How Your Vote Could Affect the Country


 
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As the November presidential election approaches, Americans weigh the merits of Barack Obama versus John McCain.  They form preferences based on innumerable and sometimes inscrutable rationales.  Some Americans will vote along party lines.  Others will vote according to economic issues, stances on abortion, or the war in Iraq.  But those who work in the trenches of US health care delivery will have a particular interest in the senators' proposed revisions of our failing health care system.  Is the answer universal coverage?  Or improved access to private insurance?  Here is a brief overview, according to Kevin Sack's New York Times article "McCain Health Plan and That High-Risk Pool", of a key reform component: insuring the "medically uninsurable".

Too many of our patients are among the 47 million Americans who live without health insurance.  Within that group are certain so-called high-risk applicants whose pre-existing medical conditions present unmanageable obstacles to the procurement of affordable health insurance.  The total number of Americans who do not meet the qualifications for Medicaid or Medicare and have medical histories which preclude commercial insurance coverage is unknown.  But in order to insure some of them, state-run high risk pools have been created in 13 US States. 

While these state-coordinated high-risk pools do level premiums at twice standard insurance rates, they allow some people to access coverage they otherwise could not afford.  The state of Maryland, for example, assumes 40 percent of the costs necessary to pay off claims for high-risk clients. Sadly, these programs are not financially sustainable in light of client demand and state budgeting constrictions.  Maryland has been forced to restrict enrollment and implement enrollment delays in order to continue with its high-risk pool. 

Economists argue that if similar high-risk pools are initiated federally, as McCain recommends in his Guaranteed Access Plan, the expense will greatly exceed his estimated 7 to 10 billion dollar price tag.  This could become problematic for McCain, who hopes to balance the federal budget by the year 2013.  However, just about everyone agrees that a solution must be found for high-risk, uninsured applicants; currently, 75 percent of national health care dollars are spent caring for them.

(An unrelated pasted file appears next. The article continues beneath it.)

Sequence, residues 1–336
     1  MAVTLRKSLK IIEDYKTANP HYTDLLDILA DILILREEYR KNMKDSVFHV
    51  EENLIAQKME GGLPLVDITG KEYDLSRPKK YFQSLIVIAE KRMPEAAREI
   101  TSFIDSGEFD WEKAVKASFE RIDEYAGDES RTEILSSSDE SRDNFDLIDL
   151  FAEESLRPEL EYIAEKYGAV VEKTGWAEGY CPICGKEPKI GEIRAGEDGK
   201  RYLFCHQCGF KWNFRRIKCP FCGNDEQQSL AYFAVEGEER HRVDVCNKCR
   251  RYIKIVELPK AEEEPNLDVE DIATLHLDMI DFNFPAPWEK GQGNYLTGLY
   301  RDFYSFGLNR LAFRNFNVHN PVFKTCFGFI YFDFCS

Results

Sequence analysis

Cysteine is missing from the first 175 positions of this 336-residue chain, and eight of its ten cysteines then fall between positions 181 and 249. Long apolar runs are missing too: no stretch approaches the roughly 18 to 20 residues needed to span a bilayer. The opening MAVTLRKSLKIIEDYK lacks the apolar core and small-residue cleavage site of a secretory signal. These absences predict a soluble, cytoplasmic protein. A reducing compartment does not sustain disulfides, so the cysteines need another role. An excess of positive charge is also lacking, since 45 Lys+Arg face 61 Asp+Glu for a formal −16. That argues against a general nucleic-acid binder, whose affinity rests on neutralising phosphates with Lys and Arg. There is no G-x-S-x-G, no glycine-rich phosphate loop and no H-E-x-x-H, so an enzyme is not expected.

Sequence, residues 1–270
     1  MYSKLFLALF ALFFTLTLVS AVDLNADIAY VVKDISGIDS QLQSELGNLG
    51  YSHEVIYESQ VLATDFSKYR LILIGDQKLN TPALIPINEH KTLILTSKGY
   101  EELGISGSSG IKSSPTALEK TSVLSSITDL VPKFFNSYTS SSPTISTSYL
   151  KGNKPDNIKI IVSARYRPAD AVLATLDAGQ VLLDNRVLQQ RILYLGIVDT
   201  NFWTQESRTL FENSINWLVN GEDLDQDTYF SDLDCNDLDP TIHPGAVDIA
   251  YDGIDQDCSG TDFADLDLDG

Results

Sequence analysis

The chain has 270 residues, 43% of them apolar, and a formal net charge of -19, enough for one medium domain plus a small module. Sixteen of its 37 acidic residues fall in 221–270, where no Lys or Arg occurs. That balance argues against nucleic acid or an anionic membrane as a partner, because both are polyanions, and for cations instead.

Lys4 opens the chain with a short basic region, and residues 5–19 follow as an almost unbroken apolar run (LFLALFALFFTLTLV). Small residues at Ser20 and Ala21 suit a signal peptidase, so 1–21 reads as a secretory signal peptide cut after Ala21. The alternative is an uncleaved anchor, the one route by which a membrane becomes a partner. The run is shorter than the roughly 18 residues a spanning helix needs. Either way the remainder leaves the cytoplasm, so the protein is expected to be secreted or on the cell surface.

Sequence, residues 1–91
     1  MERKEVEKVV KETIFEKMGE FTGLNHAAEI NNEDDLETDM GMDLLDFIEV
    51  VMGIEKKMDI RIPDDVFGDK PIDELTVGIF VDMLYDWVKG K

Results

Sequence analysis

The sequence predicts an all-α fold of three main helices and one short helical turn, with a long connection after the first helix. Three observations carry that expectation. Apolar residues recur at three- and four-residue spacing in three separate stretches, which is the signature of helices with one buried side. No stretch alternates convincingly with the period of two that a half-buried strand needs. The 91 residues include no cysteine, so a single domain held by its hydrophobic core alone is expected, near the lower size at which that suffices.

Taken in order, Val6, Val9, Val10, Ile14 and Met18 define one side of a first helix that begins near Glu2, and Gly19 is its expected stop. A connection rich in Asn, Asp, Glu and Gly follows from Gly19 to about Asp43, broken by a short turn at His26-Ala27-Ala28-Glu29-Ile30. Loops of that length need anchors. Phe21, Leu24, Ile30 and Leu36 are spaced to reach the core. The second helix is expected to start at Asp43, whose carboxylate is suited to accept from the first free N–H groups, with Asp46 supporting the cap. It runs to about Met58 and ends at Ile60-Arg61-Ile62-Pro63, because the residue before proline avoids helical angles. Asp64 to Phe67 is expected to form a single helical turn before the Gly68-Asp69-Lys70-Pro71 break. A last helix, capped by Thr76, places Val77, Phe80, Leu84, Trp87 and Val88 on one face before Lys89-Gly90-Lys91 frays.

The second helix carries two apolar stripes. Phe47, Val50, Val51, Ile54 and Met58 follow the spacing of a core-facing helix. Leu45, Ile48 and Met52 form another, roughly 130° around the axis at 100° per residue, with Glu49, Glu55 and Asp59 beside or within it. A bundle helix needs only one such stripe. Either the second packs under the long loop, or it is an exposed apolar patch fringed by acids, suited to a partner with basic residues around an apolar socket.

In addition to proposals for nation-wide high risk pools, McCain suggests other options for extending coverage to uninsured Americans. As Sack writes, Mr. McCain recommends instituting "refundable health care tax credits of $2,500 per person and $5,000 per family in the hope of driving consumers into the individual insurance market." 

In contrast, Senator Obama believes that instead of widening high-risk pools, all insurance companies should accept all applicants, regardless of prior or current health complaints.  He would also require all parents to insure their children.  To help offset families' costs, he would introduce subsidies.  These subsidies would, in part, be generated through a repeal of Resident Bush's income tax cuts for the wealthy.

The bottom line is that both John McCain's and Barack Obama's health care proposals will increase federal spending. But, hopefully in so doing, the election winner will increase the availability of affordable health insurance to those who most need it.

 

Reference:

Sack, K. (2008, July 9). McCain Health Plan and That High-Risk Pool. The New York Times. 

 

 

Copyright 2008- American Society of Registered Nurses (ASRN.ORG)-All Rights Reserved



 
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Articles in this issue:

Masthead

  • Masthead

    Editor-in Chief:
    Kirsten Nicole

    Editorial Staff:
    Kirsten Nicole
    Stan Kenyon
    Robyn Bowman
    Kimberly McNabb
    Lisa Gordon
    Stephanie Robinson

    Contributors:
    Kirsten Nicole
    Stan Kenyon
    Liz Di Bernardo
    Cris Lobato
    Elisa Howard
    Susan Cramer

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